Pair of silver scyphi (cups) with relief decoration

Early Imperial, Augustan
late 1st century B.C.–early 1st century A.D.
Silver with gilding
Overall: 3 3/4 x 8 1/8in. (9.5 x 20.6cm) diameter of bowl 5in. (12.7cm)
Gold and Silver
Credit Line:
Purchase, Marguerite and Frank A. Cosgrove Jr. Fund and Lila Acheson Wallace Gift, 1994
Accession Number:
1994.43.1, .2
  • Description

    These silver cups represent Roman metalwork of the highest quality. They were undoubtedly produced by one of the leading Roman workshops that supplied the imperial family as well as affluent and cultured private individuals—the same clientele for whom the villas around Rome and Naples were built, decorated, and furnished.

    The cups are decorated in high relief with figures of cupids and are partially gilt. The cupids, several of whom are shown dancing and playing instruments, may be associated with Dionysiac festivities and so are eminently suitable as subjects on vessels meant for a drinking party. But here the figures have little, if any, real symbolism and were chosen simply because they formed an attractive group. Like many other pieces of ornate silverware, these cups were clearly intended as much for display as for use.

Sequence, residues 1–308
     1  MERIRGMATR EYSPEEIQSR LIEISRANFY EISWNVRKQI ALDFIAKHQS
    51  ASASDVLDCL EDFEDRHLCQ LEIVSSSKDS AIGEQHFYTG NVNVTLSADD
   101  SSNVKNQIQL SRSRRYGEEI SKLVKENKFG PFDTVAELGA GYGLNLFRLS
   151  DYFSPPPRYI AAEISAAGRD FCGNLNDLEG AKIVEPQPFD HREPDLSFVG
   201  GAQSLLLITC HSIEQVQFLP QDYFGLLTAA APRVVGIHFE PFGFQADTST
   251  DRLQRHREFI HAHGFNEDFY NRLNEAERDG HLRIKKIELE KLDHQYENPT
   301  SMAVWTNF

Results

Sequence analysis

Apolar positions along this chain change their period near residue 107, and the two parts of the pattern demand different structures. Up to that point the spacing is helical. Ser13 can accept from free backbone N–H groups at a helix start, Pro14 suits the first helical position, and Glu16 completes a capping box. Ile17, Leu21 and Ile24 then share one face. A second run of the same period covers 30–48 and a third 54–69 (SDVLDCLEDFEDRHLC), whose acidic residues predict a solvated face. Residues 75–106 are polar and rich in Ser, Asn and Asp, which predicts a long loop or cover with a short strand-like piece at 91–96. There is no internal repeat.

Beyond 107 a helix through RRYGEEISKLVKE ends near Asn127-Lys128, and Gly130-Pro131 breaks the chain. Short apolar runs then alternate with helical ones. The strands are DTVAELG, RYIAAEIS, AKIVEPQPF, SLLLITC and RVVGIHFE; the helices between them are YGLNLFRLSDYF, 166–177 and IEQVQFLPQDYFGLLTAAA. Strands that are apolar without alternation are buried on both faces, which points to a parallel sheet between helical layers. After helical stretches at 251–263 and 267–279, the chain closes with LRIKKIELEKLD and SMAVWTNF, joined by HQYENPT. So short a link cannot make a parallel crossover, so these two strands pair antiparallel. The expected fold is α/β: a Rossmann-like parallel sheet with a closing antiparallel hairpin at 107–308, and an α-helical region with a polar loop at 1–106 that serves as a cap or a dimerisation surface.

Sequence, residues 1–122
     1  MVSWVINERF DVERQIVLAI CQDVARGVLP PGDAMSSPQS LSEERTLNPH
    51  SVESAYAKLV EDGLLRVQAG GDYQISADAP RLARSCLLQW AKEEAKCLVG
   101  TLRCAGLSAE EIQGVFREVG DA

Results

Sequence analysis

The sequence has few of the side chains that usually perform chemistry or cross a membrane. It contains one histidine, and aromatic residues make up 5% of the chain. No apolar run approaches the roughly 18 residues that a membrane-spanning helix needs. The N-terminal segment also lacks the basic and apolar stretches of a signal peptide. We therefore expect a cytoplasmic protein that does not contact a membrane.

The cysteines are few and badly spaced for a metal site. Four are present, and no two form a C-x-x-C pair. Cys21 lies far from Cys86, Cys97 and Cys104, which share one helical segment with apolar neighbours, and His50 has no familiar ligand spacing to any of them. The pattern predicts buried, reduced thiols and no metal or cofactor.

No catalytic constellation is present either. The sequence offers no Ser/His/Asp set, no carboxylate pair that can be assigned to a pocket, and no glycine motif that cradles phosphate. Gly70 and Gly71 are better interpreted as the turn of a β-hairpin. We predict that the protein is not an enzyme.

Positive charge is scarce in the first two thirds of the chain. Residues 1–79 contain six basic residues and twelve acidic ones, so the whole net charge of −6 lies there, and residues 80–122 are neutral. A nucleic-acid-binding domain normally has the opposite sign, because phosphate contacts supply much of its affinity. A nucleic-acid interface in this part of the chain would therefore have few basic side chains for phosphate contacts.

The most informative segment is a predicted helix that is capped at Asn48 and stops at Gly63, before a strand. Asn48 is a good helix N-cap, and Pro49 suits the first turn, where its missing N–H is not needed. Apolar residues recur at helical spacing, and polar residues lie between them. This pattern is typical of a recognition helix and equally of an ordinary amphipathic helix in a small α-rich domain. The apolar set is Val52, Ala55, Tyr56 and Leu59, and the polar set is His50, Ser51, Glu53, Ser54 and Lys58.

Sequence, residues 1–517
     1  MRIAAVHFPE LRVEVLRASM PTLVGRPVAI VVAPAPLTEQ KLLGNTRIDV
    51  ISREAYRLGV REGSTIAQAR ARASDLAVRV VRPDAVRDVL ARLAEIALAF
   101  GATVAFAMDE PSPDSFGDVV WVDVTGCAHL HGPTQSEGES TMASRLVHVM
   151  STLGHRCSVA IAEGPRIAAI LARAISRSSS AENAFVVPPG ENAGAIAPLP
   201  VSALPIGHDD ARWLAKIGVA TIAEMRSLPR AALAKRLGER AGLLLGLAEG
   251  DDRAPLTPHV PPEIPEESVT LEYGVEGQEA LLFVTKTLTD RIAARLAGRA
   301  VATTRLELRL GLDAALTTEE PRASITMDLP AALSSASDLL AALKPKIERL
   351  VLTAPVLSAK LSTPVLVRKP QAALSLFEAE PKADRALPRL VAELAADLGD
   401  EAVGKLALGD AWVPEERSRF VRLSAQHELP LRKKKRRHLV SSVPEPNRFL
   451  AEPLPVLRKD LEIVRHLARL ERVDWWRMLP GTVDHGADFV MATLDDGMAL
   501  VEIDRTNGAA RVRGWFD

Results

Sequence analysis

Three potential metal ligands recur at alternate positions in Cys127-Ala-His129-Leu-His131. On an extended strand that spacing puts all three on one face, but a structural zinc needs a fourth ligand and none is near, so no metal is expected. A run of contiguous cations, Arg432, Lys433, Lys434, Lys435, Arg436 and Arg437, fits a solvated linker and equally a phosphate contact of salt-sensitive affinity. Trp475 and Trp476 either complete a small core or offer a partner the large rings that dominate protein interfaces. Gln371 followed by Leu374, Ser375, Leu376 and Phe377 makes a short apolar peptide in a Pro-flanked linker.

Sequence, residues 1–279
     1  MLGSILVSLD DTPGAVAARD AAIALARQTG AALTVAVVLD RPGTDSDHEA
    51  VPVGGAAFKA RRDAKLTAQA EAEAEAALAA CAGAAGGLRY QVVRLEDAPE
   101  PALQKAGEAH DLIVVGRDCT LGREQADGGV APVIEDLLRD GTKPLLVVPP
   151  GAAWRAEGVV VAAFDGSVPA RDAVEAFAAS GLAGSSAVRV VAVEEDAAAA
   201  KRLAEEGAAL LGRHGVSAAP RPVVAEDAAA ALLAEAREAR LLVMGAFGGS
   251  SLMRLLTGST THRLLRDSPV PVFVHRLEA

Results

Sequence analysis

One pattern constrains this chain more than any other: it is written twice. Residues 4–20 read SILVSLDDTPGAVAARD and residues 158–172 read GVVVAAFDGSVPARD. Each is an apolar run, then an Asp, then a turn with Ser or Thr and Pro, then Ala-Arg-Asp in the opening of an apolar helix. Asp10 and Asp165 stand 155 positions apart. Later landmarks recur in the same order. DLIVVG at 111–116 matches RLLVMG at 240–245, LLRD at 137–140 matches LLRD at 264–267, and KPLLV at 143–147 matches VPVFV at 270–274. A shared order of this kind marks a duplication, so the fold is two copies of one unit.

• References

    Picón, Carlos A. 2007. Art of the Classical World in the Metropolitan Museum of Art: Greece, Cyprus, Etruria, Rome New York: The Metropolitan Museum of Art, no. 387, pp. 334, 482.

    Metropolitan Museum of Art. 2012. The Metropolitan Museum of Art Guide. New York: The Metropolitan Museum of Art, p. 79.

  • See also
    In the Museum
    Heilbrunn Timeline of Art History